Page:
Finally run nautilus -q command to quit nautilus.Now you can be able to see Open in terminal option on right-clicking.

  • Hadn't had a chance to try it on 14.04 yet. But I just did and it worked. :) Thanks again! Apr 21, 2014 at 1:39
  • Is the universe repository enabled per default? I did not have add it manually. Jun 23, 2014 at 5:41
  • 2
    it isn't enabled by default. You have to add it manually. Jun 23, 2014 at 5:48
  • 1
    +1 for "sudo add-apt-repository universe" which I was looking for :)
    – Kozuch
    Aug 12, 2014 at 13:45
  • For Ubuntu 20 just install nautilus-actions.
    – bomben
    Aug 10, 2021 at 6:24

Here is my script to open terminal in the current directory,

I built my own after the open-terminal plugin stopped working for me

# A nautilus script to open gnome-terminal in the current directory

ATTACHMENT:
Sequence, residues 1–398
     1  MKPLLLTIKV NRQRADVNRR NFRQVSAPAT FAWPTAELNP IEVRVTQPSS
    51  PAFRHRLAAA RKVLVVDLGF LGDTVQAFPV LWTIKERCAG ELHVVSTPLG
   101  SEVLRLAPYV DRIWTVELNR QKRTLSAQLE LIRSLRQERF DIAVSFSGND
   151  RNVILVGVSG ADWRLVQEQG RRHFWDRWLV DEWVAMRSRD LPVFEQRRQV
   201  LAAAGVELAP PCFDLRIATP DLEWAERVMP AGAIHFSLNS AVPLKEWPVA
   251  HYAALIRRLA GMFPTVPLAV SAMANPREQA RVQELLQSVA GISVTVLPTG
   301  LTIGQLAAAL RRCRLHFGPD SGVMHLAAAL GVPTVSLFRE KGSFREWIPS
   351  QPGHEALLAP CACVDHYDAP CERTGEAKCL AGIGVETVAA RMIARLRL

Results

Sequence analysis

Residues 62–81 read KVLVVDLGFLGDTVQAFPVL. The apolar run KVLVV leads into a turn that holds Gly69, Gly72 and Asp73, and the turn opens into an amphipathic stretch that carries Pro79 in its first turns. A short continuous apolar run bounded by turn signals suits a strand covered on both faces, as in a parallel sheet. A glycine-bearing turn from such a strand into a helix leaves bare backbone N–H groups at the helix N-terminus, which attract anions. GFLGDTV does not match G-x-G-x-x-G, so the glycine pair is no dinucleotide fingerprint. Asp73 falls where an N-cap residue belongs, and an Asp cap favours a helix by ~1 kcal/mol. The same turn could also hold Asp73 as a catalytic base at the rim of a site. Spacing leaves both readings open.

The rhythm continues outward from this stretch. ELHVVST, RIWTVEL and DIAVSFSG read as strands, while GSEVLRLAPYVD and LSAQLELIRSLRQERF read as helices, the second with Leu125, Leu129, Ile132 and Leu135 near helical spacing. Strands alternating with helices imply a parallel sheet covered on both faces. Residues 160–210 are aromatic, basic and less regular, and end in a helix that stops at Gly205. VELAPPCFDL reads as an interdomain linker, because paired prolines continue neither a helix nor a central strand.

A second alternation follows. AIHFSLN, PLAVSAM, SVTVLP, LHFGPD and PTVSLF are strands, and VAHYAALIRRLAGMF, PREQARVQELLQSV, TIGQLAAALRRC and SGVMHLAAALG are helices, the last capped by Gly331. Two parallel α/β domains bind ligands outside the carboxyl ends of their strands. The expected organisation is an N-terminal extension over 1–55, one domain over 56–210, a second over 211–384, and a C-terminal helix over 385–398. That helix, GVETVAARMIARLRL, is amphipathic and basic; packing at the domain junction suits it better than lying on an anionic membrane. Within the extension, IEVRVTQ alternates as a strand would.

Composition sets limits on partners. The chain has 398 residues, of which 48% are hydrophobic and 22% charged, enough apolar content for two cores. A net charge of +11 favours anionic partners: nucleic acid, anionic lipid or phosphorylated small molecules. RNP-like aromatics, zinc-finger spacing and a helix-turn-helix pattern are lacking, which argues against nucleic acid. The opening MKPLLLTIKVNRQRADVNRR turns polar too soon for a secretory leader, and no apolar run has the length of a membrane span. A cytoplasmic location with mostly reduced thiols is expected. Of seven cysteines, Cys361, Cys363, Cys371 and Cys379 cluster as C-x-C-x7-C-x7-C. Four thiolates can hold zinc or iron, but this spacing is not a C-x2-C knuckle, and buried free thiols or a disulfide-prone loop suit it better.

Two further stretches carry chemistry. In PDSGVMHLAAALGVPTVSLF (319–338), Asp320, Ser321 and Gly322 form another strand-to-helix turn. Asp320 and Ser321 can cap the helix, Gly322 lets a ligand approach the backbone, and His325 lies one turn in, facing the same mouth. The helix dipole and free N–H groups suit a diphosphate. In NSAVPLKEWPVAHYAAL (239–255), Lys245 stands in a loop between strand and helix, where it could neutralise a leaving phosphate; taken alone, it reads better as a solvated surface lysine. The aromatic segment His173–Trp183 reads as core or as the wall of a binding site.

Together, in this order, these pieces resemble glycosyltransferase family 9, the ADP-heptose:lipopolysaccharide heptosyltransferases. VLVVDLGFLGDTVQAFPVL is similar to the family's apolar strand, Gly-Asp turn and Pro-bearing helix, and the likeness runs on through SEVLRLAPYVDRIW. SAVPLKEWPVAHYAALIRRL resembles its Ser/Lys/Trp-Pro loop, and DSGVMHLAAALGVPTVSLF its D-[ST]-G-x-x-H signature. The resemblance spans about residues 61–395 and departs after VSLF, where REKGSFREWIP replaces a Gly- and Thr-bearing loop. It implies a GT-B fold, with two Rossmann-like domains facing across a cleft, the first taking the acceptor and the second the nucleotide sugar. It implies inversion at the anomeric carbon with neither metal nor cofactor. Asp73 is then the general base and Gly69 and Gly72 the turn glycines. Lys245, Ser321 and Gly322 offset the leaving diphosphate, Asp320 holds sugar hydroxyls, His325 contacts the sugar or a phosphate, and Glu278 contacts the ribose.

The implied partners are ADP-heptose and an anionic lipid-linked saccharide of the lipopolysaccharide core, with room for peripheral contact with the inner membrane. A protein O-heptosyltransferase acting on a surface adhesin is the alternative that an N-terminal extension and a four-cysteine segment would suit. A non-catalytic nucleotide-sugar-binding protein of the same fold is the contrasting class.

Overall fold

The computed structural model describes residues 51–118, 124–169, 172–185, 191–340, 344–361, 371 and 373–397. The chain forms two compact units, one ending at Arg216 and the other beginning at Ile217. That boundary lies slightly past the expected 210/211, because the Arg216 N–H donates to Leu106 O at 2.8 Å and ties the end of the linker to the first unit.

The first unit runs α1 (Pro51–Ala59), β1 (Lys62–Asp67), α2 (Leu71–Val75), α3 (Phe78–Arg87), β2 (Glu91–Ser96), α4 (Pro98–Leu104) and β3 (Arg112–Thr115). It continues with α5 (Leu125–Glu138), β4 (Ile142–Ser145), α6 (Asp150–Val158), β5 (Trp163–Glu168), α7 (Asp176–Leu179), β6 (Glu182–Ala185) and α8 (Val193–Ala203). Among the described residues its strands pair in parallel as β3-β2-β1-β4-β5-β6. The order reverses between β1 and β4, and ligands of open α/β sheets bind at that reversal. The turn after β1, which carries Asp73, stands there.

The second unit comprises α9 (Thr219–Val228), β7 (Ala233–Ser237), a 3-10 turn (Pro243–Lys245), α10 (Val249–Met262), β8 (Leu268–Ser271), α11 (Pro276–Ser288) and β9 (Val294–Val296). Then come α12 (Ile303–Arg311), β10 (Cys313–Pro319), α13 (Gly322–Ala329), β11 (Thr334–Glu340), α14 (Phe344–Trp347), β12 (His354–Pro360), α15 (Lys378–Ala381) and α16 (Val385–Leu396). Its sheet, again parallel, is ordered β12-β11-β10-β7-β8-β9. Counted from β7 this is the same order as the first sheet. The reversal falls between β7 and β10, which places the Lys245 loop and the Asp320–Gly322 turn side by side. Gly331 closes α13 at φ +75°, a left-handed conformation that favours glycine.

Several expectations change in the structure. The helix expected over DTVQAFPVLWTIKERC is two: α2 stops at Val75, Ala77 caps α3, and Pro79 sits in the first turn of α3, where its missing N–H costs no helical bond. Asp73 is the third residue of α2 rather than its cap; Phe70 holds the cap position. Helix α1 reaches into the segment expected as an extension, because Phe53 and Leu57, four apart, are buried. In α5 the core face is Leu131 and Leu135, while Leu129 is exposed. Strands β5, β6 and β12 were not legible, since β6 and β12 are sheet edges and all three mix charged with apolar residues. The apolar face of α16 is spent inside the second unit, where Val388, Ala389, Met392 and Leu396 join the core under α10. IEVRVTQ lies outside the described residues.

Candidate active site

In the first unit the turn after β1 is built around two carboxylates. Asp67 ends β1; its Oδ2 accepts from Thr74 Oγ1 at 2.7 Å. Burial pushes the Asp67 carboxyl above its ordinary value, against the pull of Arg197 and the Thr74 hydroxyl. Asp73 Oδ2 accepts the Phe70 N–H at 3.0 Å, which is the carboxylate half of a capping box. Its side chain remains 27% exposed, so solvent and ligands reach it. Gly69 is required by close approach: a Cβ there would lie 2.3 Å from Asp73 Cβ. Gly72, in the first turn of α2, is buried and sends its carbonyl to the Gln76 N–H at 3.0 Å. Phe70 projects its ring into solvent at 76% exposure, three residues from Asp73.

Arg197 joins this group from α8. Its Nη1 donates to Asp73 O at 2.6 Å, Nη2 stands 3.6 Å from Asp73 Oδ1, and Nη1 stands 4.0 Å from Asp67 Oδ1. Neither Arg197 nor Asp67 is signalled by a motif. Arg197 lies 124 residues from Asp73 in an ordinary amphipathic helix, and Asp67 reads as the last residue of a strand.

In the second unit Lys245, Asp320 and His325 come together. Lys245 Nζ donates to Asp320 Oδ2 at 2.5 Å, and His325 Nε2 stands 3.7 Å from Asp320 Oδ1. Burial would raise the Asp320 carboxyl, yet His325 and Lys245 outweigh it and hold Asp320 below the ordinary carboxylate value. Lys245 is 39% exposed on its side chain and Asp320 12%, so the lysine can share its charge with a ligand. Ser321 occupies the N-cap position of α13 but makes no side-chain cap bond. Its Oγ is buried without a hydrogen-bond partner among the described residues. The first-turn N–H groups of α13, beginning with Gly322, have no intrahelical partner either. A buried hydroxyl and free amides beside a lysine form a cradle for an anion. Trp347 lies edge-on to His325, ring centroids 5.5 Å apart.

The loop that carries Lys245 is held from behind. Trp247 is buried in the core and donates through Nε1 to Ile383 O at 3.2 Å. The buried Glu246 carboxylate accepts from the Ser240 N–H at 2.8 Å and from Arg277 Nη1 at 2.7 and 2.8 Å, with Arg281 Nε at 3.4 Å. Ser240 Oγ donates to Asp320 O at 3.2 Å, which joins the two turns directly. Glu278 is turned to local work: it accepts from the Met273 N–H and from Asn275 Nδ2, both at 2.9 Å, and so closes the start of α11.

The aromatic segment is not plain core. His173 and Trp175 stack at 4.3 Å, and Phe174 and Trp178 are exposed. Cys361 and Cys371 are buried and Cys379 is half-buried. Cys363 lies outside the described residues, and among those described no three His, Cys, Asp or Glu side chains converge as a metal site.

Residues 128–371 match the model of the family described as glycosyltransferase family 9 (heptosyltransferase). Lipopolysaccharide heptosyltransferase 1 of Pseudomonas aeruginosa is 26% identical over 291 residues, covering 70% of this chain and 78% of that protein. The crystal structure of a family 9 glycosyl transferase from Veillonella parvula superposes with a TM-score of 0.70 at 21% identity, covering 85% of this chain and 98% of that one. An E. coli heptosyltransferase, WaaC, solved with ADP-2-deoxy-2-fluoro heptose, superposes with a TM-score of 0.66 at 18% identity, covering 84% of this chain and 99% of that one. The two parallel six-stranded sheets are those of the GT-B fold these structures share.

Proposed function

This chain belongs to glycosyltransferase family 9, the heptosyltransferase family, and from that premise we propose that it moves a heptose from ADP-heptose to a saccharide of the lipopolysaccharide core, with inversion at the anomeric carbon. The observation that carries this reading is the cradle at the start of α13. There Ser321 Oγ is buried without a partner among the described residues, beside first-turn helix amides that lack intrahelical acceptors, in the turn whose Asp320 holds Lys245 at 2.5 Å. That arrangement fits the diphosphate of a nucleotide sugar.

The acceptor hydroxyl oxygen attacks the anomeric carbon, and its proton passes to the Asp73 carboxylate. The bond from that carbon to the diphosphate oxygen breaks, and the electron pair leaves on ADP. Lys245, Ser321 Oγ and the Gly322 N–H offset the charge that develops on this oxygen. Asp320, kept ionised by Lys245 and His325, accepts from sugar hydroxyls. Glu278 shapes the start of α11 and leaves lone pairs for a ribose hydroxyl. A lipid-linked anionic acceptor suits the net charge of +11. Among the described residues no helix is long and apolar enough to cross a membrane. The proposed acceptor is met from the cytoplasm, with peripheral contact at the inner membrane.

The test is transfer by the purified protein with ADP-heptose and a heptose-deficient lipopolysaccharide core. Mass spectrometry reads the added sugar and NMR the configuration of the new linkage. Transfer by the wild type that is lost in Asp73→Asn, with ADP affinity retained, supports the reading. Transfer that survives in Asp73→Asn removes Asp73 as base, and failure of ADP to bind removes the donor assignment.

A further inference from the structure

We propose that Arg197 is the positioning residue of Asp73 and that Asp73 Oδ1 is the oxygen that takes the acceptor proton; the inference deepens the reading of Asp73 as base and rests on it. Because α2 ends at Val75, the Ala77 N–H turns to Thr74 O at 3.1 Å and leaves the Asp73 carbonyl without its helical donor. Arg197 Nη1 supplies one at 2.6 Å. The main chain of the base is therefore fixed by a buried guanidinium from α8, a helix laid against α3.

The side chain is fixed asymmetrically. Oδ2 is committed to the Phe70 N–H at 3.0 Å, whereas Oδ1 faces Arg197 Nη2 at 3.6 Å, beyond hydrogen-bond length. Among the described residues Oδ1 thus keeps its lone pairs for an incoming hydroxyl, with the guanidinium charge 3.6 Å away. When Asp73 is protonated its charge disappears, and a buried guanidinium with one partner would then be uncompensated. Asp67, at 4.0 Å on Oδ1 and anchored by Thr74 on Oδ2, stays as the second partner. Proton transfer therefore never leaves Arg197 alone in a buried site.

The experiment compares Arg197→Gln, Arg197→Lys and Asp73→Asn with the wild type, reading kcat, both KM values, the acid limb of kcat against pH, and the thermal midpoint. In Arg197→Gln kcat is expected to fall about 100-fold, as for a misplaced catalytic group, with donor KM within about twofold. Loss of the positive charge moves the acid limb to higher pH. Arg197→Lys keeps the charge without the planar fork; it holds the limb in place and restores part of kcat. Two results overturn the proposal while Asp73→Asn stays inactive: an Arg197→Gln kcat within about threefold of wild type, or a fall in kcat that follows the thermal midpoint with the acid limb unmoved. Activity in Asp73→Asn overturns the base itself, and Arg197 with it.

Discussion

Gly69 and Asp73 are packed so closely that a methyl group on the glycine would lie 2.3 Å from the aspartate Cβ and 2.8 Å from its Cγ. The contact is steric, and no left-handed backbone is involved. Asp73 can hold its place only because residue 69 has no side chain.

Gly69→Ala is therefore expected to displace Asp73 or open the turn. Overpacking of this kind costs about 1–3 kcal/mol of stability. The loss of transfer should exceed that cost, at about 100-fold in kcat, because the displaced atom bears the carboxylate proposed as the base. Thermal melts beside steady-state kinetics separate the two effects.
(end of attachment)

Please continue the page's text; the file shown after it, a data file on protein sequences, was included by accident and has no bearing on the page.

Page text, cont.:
# place in ~/.gnome2/nautilus-scripts
#                                       Remove file:// from CURRENT_URI
gnome-terminal --working-directory=`echo "$NAUTILUS_SCRIPT_CURRENT_URI" | cut -c 8-`

PS: Here is some bonus info

Assigning a shortcut to the script

  • Add executable script to ~/.gnome2/nautilus-scripts
  • Wait some time - nautilus regenerates accels file
  • Edit file ~/.gnome2/accels/nautilus

  • Find line similar to this one:

; (gtk_accel_path "<Actions>/ScriptsGroup/script_file:\\s\\s\\shome\\sgautam\\s.gnome2\\snautilus-scripts\\sopen-terminal" "")

  • Remove comment (semicolon) and specify shortcut like this:

(gtk_accel_path "<Actions>/ScriptsGroup/script_file:\\s\\s\\shome\\sgautam\\s.gnome2\\snautilus-scripts\\sopen-terminal" "<Primary><Shift>t")

  • Save file.
  • Logout - login.
  • Will it work on nautilus-GTK3 ?
    – Tachyons
    Feb 3, 2013 at 14:22
  • Not sure, I am using it on plain ubuntu 12.04 x64, give it a shot .
    – Gautam
    Feb 3, 2013 at 14:42
  • In 14.04, Gnome 13.12, the script works, but the shortcut assignment method does not.
    – Rasmus
    Jun 17, 2014 at 11:08

Just use:

sudo apt-get install nautilus-extension-gnome-terminal 

and Logout/Login or reboot.

  • Thanks! Do not need to reboot or logout, just run nautilus -q in terminal will be OK.
    – walknotes